Session #068 Faith Facts
Scripture Matthew 9:1-8
Summary Matthew 9:1-8 records another healing miracle. Yet, again, there is more to it than meets the eye. Drawing from the facts of this account, Henson shares perspectives about faith: 7 faith facts that will encourage all in our faith journeys as we love and serve the Messiah and His kingdom.
So He got into a boat, crossed over, and came to His own city. Then behold, they brought to Him a paralytic lying on a bed. When Jesus saw their faith, He said to the paralytic, “Son, be of good cheer; your sins are forgiven you.” And at once some of the scribes said within themselves, “This Man blasphemes!” But Jesus, knowing their thoughts, said, “Why do you think evil in your hearts? For which is easier, to say, ‘Your sins are forgiven you,’ or to say, ‘Arise and walk’? But that you may know that the Son of Man has power on earth to forgive sins”—then He said to the paralytic, “Arise, take up your bed, and go to your house.” And he arose and departed to his house. Now when the multitudes saw it, they marvelled and glorified God, who had given such power to men. Matthew 9:1–8 ( cf Mark 2:1-12; Luke 5:17-26)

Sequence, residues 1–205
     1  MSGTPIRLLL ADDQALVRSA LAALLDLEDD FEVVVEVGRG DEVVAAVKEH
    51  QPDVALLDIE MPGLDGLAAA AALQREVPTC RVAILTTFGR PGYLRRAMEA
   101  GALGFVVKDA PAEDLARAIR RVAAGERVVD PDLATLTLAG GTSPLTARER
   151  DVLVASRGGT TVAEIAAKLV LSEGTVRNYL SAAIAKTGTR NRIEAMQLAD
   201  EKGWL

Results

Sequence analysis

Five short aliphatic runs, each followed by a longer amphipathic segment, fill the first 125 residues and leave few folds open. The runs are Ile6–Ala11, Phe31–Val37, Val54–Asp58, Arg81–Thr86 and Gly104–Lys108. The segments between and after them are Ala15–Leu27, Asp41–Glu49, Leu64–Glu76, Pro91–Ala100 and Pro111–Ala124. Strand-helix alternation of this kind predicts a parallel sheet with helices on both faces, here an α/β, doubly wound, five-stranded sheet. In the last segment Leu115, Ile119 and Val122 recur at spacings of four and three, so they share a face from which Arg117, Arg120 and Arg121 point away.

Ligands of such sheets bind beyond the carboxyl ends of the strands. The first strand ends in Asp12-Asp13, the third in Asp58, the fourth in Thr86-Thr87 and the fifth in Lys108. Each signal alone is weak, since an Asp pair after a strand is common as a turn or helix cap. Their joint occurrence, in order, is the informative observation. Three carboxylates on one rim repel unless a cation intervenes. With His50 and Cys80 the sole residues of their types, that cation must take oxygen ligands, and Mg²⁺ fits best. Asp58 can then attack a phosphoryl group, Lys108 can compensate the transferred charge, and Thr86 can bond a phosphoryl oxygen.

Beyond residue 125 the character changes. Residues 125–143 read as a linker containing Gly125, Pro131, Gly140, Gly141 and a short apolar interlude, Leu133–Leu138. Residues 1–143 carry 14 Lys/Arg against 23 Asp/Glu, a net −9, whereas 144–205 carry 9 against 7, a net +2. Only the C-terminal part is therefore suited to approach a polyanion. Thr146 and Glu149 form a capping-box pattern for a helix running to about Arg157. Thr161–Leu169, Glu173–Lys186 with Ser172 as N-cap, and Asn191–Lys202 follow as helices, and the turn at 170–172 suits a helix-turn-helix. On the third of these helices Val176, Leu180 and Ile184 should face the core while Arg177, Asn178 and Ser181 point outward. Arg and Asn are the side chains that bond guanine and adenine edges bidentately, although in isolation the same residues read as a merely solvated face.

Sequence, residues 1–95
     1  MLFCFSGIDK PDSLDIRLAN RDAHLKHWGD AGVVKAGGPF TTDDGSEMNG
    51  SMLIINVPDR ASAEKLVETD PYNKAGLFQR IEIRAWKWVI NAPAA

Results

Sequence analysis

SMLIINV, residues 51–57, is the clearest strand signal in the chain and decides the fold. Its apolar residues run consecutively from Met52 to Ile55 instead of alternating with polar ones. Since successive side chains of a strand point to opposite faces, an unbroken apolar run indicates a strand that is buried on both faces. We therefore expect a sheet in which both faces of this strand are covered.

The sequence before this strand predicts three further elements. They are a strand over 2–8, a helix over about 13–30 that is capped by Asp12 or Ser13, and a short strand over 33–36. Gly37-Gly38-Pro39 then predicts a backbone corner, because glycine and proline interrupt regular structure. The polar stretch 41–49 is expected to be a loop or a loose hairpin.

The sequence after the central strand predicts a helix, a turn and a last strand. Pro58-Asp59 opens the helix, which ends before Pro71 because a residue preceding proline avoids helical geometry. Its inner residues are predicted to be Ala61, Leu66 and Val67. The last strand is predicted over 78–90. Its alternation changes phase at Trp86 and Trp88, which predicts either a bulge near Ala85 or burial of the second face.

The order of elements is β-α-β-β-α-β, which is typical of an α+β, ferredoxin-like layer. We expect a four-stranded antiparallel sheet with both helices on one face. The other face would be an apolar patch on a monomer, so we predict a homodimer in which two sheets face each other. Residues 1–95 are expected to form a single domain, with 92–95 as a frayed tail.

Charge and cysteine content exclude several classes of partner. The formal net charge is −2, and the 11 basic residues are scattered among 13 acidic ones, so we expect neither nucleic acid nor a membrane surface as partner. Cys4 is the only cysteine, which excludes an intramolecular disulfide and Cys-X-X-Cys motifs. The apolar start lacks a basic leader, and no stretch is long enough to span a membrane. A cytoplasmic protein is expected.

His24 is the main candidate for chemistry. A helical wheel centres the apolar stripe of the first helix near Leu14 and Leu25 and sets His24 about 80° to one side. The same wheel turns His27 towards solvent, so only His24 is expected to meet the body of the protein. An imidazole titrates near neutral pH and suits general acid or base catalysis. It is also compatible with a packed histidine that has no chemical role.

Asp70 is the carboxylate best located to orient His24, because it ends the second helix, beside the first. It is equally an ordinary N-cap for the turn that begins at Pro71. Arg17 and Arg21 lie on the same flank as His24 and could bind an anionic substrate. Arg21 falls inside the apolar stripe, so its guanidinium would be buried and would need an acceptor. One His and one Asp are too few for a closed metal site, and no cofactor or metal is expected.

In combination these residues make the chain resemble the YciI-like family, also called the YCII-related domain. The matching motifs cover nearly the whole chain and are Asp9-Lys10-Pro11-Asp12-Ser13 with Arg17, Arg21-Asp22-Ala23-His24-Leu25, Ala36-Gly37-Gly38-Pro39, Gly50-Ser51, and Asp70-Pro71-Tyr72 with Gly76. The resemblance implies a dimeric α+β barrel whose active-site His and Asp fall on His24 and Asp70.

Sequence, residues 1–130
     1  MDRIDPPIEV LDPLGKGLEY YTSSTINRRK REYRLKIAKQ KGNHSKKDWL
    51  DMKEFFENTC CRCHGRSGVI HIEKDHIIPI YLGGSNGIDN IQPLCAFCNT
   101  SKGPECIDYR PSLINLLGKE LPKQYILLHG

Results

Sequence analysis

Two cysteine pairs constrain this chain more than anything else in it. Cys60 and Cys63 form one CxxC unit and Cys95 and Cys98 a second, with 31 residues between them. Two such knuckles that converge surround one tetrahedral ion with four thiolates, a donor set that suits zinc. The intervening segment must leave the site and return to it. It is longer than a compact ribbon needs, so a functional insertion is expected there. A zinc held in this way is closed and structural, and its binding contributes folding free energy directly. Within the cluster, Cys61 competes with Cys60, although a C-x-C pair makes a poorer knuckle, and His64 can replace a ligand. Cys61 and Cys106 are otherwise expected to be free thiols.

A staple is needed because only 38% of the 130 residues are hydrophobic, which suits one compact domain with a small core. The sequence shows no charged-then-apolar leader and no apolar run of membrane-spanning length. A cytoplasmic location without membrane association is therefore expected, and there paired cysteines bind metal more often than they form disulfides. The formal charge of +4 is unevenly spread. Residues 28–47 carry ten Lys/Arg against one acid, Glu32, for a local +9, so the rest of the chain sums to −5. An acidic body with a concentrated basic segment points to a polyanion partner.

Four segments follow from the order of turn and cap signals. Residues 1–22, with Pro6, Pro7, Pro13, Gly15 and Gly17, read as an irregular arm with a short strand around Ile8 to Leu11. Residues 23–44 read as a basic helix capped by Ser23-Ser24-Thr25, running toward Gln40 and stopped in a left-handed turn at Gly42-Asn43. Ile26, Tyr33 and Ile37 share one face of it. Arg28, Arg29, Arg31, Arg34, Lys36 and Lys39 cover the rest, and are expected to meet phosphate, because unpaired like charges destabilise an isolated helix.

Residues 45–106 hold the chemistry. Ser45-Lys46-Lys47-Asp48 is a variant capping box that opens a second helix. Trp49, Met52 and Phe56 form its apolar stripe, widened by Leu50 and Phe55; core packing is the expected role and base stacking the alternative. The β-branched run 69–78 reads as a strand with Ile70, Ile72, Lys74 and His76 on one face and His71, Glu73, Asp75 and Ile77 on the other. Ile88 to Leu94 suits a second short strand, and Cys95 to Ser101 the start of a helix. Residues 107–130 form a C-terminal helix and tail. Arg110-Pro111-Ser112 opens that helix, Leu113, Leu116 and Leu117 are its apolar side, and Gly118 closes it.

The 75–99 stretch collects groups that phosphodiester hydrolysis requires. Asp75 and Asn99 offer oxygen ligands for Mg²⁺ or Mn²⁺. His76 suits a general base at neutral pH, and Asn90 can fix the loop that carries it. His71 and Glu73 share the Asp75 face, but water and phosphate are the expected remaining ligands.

It is not what you see or hear. The facts can be presented before you, and you can still refuse to face the facts.
Today’s passage is about faith. But not everyone in the account believed it. Not surprising. Jesus described the people of His day as having eyes and not seeing, having ears, and not hearing. They professed a certain faith in God and still missed Jesus, the Messiah, and His kingdom.
Someone Else’s Faith is still Faith: The Faith of Friends (Matthew 9:2a)